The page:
The foregoing objects, and others, will in part be obvious and in part pointed out more fully hereinafter in conjunction with the written description of embodiments illustrated in the accompanying drawings in which:
Referring now in greater detail to the drawings, wherein the showings are for the purpose of illustrating an embodiment only, and not for the purpose of limiting the embodiment,
Generally, routers are hand operated and, for this purpose, housing 20 is provided with a pair of diametrically opposed handles 32. It will be appreciated that
In operation (
When adjusting the routers' depth, the flexible extension attachment holder 100 will bend to different angles relative to the base 24. The bending causes the interconnected driving shaft 104 to change its angle too. To adjust for the change in angle, as the interconnected parts are rotated, the rocker drive guide 112 allows the driving shaft 104 to slide to and fro within the bushing 114 while also allowing the driving shaft 104 to rotate within the rocker drive guide bushing 114. Additionally, the rocker drive guide 112 can pivot on the pivot retainer pin 116 (much like a teeter-totter). The pivot retainer pin 116 couples the base mount 128 and rocker drive guide 112 together. This rotating, pivoting and sliding action prevents any binding of the driving shaft 104 while adjustments are being made.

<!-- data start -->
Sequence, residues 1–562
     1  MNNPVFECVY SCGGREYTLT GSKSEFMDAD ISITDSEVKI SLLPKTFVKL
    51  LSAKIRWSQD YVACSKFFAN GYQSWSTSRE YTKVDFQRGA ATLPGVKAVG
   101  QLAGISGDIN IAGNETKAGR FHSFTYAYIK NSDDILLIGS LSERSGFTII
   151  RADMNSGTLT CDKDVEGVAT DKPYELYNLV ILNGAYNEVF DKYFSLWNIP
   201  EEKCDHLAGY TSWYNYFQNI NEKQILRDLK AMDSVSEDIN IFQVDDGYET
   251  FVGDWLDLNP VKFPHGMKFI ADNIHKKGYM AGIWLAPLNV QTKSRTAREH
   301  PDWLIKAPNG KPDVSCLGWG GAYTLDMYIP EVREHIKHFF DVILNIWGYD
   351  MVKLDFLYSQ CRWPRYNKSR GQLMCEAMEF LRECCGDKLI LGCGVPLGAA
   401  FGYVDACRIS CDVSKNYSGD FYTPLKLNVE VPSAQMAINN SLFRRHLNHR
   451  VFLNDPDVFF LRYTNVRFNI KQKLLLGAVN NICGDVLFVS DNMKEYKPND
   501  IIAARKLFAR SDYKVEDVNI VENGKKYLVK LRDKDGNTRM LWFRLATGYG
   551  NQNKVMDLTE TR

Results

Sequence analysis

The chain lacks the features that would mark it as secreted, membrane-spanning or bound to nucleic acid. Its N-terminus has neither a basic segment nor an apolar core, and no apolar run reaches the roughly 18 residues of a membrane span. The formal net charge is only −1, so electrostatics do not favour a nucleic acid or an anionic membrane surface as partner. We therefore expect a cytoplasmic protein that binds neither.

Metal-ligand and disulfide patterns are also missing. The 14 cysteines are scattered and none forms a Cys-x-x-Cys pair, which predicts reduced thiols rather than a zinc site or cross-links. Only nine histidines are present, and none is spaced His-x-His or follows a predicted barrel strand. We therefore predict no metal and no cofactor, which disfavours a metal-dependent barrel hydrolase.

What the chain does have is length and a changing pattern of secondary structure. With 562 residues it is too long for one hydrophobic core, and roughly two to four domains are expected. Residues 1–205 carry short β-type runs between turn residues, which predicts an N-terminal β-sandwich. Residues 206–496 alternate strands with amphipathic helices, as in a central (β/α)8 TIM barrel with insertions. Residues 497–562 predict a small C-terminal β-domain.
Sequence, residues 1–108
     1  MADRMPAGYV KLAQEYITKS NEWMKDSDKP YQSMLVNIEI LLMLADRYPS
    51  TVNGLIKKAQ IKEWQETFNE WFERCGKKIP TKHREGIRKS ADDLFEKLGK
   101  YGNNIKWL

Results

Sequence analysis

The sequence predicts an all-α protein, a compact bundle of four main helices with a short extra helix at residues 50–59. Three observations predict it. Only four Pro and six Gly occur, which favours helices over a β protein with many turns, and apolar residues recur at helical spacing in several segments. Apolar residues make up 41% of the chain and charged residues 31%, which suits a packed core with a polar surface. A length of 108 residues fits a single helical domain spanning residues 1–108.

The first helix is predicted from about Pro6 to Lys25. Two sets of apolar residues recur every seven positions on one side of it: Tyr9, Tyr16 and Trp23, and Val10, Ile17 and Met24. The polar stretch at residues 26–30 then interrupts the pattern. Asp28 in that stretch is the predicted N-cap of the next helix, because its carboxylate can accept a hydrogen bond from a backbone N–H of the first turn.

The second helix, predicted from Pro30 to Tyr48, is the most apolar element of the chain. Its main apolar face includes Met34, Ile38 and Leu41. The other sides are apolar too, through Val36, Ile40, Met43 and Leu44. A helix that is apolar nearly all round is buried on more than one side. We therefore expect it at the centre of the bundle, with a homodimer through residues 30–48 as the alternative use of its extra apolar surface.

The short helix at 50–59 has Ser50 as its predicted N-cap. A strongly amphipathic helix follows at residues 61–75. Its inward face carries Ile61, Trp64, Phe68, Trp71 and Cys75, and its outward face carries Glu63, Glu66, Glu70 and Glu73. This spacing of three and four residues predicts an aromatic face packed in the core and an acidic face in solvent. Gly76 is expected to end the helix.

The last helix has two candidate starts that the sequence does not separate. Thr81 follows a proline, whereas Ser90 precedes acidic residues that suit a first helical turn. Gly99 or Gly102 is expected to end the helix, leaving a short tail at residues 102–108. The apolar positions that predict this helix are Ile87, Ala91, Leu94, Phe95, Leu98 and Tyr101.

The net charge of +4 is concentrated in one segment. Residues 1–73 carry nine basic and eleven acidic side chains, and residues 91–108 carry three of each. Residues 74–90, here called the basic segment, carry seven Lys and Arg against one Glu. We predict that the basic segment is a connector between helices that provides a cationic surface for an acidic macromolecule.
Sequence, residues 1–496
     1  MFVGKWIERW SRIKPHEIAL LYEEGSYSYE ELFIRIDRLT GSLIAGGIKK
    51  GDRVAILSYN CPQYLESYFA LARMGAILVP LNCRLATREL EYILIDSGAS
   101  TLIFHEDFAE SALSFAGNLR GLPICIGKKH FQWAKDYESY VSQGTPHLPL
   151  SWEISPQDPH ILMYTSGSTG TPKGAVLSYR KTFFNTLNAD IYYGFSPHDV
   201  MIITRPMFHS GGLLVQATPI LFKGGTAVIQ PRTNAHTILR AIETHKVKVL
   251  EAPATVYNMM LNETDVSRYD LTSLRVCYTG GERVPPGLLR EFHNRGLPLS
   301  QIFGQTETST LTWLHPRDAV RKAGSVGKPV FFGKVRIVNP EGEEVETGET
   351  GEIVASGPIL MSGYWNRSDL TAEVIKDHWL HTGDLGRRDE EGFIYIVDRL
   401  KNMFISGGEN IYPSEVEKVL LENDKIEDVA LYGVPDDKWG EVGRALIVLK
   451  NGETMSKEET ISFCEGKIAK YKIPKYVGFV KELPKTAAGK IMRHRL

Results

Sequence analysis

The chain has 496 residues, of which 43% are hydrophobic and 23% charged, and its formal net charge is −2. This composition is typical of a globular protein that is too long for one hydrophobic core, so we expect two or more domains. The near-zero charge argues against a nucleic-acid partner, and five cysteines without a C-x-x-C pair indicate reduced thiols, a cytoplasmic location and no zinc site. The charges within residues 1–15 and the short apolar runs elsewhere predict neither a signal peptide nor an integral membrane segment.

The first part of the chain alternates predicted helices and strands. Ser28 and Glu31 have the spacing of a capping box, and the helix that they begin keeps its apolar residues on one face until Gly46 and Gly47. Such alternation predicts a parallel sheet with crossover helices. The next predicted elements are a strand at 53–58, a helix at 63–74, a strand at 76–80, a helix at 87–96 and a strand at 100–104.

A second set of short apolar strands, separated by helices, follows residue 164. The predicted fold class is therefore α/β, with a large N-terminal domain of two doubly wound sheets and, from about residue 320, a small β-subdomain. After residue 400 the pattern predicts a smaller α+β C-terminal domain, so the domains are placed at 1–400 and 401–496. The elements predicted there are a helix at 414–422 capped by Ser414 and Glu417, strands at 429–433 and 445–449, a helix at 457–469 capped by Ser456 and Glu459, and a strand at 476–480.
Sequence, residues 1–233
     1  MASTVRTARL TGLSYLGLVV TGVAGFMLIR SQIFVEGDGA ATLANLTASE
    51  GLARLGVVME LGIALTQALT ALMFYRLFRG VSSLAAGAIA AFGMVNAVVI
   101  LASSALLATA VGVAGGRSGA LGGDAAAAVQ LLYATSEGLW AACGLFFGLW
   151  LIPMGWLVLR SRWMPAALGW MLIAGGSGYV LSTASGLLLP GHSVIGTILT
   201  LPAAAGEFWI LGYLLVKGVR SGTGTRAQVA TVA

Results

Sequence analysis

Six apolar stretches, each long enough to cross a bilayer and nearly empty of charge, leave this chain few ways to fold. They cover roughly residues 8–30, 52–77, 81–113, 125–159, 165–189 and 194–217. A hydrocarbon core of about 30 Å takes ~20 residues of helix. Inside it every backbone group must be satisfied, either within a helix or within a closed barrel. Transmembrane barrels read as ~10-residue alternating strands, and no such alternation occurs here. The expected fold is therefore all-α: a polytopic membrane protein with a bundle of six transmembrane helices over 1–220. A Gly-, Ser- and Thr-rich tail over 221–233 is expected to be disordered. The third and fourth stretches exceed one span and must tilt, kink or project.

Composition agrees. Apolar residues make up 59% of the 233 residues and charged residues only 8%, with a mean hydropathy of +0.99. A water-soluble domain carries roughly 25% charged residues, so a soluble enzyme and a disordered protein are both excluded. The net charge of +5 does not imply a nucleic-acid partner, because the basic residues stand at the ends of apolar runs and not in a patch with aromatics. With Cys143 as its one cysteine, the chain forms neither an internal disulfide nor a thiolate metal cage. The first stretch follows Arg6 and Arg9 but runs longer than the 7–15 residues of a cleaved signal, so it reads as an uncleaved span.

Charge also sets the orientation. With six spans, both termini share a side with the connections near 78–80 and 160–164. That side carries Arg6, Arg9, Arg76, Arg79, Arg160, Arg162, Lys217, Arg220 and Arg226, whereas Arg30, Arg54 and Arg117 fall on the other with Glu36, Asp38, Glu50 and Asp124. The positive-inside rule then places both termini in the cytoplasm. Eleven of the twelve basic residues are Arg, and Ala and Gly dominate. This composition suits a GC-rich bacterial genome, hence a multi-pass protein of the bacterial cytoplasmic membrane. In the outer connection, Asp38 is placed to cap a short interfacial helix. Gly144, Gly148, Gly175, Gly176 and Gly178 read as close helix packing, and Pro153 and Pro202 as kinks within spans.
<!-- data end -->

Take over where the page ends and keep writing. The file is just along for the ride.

To prevent the threaded attachment 98 d from disengaging from the threaded stop rod 36, a stop collar 106 is provided. The stop collar 106 is secured to the driving shaft 104 with a set screw 126. The stop collar is adjusted to contact the nearest end of the rocker drive guide 112, just before the threaded tube 96 attachment 98 d disengages the threaded stop rod 36.
While the embodiment is illustrated and described herein in connection with a Hitachi Model M12V plunge router 52, the embodiment is applicable to many other plunge routers and fixed based routers including, for example, and without excluding others, routers marketed by Porter Cable, Makita, Sears Craftsman, Black & Decker, Ridgid, Freud, and DeWalt. These and other modifications of the embodiment disclosed herein as well as other embodiments will be obvious or suggested to those skilled in the art from the disclosure herein, whereby the foregoing descriptive matter is to be interpreted merely as illustrative of the present embodiment and not as a limitation.